Potatoes are not only the most popular tuber in the world, they are also extremely versatile. They can be prepared skin-on or peeled; whole or cut up; with seasonings or without; and baked, boiled, fried, grilled or roasted. The only common requirement is cooking potatoes prior to eating them because they contain 20 percent indigestible starch. Quartering a potato, which means cutting it into four equal pieces, is one of the easiest methods of cutting potatoes prior to cooking.
Wash the potatoes under cool water and remove any potato eyes or dark spots with a knife or the sharp tip of a potato peeler.
Peel the potato using a potato peeler and remove any dark spots or imperfections. It's not always necessary to peel the potato, especially the smaller varieties, but sometimes you'll want to or the recipe calls for it. If you don't have a potato peeler, you can also use a small paring knife.
Immediately place the peeled potatoes in a bowl of cool water. Peeled potatoes can change color when exposed to oxygen, which oxidizes the potatoes and can turn them black.
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Place the potato on a clean, dry cutting board and, using a sharp knife, cut the potato in half in either direction.
Turn the two halves of the cut potato cut-side down, and cut each piece in half again.
Return the pieces of the quartered potato to the bowl of cool water until you are ready to further prepare them for cooking.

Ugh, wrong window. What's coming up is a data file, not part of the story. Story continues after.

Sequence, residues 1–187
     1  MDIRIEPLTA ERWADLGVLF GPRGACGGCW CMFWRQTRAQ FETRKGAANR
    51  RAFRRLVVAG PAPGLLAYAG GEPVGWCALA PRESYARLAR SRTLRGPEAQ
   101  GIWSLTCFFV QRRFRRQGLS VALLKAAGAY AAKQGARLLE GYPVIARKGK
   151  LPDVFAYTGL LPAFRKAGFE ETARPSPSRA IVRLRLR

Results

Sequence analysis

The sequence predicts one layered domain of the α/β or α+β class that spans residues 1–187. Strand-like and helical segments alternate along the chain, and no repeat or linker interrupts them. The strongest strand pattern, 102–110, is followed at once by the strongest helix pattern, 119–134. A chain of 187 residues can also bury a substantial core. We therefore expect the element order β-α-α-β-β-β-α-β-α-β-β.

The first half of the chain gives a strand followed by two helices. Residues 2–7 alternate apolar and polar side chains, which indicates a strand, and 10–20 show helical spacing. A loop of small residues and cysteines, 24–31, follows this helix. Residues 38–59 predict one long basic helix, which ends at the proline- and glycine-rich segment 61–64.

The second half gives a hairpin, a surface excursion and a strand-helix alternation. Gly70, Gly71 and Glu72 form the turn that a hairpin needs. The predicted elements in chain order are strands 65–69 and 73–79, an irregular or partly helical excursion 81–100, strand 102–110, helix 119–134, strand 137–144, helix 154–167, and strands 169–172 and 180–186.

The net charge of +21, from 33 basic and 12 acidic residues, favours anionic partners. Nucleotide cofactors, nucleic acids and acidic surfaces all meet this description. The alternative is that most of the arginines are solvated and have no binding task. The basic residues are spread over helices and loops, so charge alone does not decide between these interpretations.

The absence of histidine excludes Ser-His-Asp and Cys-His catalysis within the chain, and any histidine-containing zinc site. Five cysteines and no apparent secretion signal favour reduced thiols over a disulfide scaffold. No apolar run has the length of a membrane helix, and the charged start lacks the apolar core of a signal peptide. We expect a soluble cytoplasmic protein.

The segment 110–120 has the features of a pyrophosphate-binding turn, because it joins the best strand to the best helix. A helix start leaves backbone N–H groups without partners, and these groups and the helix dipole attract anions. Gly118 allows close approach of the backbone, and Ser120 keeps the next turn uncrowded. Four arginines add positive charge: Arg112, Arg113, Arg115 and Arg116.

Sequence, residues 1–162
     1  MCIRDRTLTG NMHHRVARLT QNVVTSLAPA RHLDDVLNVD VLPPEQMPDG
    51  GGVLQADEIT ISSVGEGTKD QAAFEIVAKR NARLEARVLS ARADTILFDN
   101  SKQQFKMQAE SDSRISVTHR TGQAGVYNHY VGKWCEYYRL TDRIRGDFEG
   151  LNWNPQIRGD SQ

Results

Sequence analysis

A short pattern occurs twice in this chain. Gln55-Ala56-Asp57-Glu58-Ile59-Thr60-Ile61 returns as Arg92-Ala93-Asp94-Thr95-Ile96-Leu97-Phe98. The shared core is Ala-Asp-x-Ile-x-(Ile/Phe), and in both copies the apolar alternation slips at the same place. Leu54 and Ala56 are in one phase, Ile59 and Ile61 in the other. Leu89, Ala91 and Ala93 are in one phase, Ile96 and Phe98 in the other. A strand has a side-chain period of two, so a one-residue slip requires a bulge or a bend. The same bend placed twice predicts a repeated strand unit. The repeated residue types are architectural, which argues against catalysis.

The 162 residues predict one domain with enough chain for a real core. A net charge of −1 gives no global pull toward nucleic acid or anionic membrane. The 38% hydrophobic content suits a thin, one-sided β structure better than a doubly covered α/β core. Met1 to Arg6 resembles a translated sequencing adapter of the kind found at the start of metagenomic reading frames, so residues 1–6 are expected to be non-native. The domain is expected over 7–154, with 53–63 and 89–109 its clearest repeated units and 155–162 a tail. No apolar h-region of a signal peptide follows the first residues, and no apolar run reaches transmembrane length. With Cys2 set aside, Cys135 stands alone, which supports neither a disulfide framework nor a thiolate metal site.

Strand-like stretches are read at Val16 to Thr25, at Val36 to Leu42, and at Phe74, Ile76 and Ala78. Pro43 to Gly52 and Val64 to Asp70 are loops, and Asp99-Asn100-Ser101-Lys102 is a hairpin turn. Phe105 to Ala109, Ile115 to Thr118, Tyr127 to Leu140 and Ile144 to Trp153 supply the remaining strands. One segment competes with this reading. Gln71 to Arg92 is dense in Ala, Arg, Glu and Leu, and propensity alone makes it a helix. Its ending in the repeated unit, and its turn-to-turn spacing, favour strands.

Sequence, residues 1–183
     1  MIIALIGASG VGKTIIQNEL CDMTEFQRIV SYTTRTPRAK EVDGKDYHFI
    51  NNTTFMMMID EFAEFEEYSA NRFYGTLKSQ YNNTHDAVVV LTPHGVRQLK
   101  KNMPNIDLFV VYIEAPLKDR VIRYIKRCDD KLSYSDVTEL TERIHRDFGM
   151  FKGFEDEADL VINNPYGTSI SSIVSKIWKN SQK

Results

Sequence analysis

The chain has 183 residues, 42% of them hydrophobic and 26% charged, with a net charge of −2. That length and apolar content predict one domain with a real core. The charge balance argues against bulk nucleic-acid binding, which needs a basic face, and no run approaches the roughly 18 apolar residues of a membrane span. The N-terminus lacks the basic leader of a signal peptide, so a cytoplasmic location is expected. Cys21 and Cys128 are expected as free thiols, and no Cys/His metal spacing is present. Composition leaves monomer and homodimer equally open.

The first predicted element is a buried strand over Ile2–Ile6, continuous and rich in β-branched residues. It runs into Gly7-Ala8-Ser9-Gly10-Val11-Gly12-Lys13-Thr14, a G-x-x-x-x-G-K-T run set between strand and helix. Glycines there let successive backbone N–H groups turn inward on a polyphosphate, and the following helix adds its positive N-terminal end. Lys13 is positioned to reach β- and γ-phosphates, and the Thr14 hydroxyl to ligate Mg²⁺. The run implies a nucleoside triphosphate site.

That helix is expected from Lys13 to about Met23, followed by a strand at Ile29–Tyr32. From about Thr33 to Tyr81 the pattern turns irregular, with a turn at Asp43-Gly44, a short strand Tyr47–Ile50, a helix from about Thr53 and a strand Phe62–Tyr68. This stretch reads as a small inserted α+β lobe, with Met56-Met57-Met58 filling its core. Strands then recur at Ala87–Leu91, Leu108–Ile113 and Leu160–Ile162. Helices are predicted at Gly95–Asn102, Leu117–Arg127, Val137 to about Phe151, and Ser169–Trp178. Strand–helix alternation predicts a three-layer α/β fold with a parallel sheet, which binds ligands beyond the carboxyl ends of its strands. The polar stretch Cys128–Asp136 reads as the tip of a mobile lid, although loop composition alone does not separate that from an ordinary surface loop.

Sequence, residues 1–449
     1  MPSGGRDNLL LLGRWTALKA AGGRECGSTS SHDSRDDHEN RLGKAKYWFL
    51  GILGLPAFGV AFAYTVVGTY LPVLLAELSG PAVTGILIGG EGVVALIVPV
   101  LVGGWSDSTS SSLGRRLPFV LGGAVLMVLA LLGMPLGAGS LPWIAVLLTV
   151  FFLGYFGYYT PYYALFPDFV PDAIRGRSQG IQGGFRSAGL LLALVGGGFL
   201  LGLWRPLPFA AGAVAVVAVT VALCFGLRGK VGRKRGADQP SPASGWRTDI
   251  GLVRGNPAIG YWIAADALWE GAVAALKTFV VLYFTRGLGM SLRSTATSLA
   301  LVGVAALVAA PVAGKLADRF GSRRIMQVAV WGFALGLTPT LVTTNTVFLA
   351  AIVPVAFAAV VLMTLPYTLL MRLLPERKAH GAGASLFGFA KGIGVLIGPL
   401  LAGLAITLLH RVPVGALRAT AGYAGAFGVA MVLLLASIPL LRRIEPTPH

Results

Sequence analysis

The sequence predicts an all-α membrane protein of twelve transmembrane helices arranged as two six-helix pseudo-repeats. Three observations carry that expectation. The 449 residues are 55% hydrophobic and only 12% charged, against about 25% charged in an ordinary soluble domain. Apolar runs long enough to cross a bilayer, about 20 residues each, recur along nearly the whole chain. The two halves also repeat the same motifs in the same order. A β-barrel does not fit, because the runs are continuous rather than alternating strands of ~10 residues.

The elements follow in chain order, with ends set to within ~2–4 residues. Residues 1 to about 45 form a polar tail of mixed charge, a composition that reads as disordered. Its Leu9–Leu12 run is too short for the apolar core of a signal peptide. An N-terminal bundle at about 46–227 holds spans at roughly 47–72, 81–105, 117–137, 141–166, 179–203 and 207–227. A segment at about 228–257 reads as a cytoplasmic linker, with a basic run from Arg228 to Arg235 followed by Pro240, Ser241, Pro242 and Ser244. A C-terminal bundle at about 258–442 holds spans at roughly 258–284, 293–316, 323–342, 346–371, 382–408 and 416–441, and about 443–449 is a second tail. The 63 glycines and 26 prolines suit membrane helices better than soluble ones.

Avoid buying potatoes that have shriveled skins, sprouting eyes, soft spots, blemishes and green spots. If the quartered potatoes are too large, each piece can be cut in half again as many times as needed to reach the desired size.
Whenever you are using a knife, always use your dominant hand to hold the knife and cut away from your body. Keep your fingertips tucked under the knuckles and watch the thumb of the food-holding hand.
Lynda Wilson has been sharing her knowledge with web readers for over 10 years. She currently owns and operates online travel websites covering travel to Mexico. Her past experience includes operating a Spanish school in Mexico, as well as directing graduate admissions at a major U.S. university. Lynda holds a Bachelor of Science and a Master of Business Administration from the University of Minnesota.